How people react to intrusive thoughts may determine whether these thoughts will become severe, turn into obsessions, or require treatment. Intrusive thoughts can occur with or without compulsions. Carrying out the compulsion reduces the anxiety, but makes the urge to perform the compulsion stronger each time it recurs, reinforcing the intrusive thoughts.[1] According to Lee Baer, suppressing the thoughts only makes them stronger, and recognizing that bad thoughts do not signify that one is truly evil is one of the steps to overcoming them.[9] There is evidence of the benefit of acceptance as an alternative to suppression of intrusive thoughts. A study showed that those instructed to suppress intrusive thoughts experienced more distress after suppression, while patients instructed to accept the bad thoughts experienced decreased discomfort.[10] These results may be related to underlying cognitive processes involved in OCD.[11] However, accepting the thoughts can be more difficult for persons with OCD. In the 19th century, OCD was known as “the doubting sickness”;[12] the “pathological doubt” that accompanies OCD can make it harder for a person with OCD to distinguish “normal” intrusive thoughts as experienced by most people, causing them to “suffer in silence, feeling too embarrassed or worried that they will be thought crazy”.[13]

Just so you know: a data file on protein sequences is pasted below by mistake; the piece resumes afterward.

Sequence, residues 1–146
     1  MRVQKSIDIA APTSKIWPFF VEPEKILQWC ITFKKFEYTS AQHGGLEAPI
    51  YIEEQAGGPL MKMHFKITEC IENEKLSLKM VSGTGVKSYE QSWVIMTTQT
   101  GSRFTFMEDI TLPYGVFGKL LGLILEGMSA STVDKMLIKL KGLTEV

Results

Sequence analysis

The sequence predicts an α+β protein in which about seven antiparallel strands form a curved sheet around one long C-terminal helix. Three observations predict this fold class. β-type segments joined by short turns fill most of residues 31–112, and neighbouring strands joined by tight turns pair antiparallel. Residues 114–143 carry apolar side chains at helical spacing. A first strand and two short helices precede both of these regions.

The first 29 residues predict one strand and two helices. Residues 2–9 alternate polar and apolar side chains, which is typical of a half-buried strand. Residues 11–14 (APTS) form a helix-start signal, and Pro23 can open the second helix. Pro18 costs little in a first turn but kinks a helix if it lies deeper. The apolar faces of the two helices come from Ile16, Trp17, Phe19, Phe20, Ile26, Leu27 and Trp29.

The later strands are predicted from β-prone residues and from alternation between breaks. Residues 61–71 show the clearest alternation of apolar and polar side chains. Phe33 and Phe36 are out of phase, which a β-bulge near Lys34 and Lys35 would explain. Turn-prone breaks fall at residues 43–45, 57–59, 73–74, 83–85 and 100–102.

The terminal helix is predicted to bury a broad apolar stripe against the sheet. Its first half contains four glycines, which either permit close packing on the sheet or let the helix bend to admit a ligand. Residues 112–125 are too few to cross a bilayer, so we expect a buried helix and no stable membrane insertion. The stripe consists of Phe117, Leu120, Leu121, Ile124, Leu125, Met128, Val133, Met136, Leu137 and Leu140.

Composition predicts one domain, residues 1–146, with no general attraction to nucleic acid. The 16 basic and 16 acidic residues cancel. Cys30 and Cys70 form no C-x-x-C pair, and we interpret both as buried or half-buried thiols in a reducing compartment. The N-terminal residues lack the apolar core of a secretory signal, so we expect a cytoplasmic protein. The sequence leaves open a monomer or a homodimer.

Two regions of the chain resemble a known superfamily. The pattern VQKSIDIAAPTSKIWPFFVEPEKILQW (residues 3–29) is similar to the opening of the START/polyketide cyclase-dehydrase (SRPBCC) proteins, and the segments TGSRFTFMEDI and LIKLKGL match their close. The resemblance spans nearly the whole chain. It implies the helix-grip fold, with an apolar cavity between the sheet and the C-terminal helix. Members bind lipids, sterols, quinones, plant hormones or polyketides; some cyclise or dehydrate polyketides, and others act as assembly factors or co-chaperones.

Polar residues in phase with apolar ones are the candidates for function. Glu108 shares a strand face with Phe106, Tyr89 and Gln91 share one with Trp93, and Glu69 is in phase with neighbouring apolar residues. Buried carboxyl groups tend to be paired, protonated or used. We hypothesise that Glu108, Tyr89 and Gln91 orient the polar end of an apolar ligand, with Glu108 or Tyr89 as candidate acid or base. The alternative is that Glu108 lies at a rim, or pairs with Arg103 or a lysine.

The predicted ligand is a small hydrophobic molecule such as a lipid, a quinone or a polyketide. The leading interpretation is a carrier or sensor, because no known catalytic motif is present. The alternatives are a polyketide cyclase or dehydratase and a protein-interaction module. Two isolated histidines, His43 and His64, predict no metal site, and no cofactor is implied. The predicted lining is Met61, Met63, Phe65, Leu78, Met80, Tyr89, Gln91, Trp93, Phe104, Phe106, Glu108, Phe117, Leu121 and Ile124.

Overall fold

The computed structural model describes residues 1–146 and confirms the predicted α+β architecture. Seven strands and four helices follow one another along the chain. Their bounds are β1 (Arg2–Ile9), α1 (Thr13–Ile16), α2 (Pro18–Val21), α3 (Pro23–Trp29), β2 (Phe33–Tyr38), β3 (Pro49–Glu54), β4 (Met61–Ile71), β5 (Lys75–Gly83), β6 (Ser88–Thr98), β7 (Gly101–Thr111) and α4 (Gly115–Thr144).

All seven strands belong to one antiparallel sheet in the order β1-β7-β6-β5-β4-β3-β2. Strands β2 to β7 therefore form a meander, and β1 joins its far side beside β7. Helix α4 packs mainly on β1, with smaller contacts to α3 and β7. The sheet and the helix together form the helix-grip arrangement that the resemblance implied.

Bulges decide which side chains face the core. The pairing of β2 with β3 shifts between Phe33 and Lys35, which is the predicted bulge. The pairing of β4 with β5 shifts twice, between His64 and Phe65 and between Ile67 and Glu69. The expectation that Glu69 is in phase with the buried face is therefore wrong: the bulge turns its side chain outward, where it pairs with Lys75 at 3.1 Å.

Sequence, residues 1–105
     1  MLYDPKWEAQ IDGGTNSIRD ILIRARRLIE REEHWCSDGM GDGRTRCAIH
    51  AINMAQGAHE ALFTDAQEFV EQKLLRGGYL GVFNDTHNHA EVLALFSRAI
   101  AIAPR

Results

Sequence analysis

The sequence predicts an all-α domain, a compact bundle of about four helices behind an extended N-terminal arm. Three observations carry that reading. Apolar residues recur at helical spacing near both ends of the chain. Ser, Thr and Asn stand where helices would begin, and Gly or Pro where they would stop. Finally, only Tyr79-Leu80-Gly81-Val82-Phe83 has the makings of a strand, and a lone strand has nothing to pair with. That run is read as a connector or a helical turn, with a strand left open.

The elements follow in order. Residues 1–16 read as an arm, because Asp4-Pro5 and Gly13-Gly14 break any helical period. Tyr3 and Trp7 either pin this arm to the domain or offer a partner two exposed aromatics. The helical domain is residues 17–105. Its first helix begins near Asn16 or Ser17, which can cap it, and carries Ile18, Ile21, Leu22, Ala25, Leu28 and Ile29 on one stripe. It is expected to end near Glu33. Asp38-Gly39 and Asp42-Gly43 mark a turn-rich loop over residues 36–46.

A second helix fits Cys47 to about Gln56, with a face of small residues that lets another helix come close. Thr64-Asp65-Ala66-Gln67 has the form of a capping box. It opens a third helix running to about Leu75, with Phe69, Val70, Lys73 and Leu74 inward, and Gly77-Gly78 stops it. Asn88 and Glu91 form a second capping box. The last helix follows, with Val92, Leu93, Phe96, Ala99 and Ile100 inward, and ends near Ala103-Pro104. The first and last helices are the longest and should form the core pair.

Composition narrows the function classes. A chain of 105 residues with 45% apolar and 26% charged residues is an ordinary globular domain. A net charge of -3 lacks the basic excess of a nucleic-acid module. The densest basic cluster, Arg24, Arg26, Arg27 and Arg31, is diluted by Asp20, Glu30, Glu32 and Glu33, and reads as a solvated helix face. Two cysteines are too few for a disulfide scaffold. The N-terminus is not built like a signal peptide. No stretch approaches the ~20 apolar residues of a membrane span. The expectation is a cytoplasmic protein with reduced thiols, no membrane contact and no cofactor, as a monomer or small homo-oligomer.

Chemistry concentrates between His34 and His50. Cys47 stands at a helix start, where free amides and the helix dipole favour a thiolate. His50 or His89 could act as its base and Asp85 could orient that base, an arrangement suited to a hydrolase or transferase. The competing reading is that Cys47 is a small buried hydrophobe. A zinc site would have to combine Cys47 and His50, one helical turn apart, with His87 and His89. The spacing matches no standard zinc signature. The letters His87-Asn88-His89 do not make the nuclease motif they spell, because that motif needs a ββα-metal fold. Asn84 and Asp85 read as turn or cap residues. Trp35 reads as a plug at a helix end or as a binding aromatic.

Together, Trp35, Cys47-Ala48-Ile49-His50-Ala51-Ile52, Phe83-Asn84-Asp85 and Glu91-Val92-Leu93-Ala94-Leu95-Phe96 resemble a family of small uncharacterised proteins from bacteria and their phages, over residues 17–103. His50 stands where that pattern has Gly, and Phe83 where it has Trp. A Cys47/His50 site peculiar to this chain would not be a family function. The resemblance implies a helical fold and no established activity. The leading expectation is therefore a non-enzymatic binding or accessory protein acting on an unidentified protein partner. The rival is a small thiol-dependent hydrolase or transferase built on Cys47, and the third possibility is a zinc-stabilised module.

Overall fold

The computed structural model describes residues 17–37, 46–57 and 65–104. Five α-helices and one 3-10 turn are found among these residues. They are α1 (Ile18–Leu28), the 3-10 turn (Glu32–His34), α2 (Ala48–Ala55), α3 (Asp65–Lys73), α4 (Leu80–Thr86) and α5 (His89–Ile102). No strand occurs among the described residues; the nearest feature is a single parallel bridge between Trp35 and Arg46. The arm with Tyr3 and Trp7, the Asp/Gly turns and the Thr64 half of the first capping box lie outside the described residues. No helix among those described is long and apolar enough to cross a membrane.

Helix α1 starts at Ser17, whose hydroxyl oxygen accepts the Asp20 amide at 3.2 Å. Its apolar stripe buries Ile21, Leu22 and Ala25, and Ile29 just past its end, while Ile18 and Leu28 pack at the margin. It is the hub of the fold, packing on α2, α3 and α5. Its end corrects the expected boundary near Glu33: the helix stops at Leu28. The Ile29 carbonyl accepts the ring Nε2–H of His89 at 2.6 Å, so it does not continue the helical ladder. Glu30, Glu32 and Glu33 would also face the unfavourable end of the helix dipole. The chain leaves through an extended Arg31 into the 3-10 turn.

The possibility that most patients suffering from intrusive thoughts will ever act on those thoughts is low. Patients who are experiencing intense guilt, anxiety, shame, and upset over these thoughts are different from those who actually act on them. The history of violent crime is dominated by those who feel no guilt or remorse; the very fact that someone is tormented by intrusive thoughts and has never acted on them before is an excellent predictor that they will not act upon the thoughts. Patients who are not troubled or shamed by their thoughts, do not find them distasteful, or who have actually taken action, might need to have more serious conditions such as psychosis or potentially criminal behaviors ruled out.[14] According to Lee Baer, a patient should be concerned that intrusive thoughts are dangerous if the person does not feel upset by the thoughts, or rather finds them pleasurable; has ever acted on violent or sexual thoughts or urges; hears voices or sees things that others do not see; or feels uncontrollable irresistible anger.[15]